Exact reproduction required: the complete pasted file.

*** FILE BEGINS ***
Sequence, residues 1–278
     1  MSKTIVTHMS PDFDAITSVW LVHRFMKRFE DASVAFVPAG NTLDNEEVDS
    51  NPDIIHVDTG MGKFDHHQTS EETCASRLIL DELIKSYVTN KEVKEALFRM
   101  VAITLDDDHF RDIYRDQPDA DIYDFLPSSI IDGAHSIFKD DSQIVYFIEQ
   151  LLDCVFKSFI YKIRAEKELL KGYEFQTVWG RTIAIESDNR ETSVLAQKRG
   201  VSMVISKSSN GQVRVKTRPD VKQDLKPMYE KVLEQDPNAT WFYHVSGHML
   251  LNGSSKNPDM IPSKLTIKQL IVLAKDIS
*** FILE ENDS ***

Sequence, residues 1–278
     1  MSKTIVTHMS PDFDAITSVW LVHRFMKRFE DASVAFVPAG NTLDNEEVDS
    51  NPDIIHVDTG MGKFDHHQTS EETCASRLIL DELIKSYVTN KEVKEALFRM
   101  VAITLDDDHF RDIYRDQPDA DIYDFLPSSI IDGAHSIFKD DSQIVYFIEQ
   151  LLDCVFKSFI YKIRAEKELL KGYEFQTVWG RTIAIESDNR ETSVLAQKRG
   201  VSMVISKSSN GQVRVKTRPD VKQDLKPMYE KVLEQDPNAT WFYHVSGHML
   251  LNGSSKNPDM IPSKLTIKQL IVLAKDIS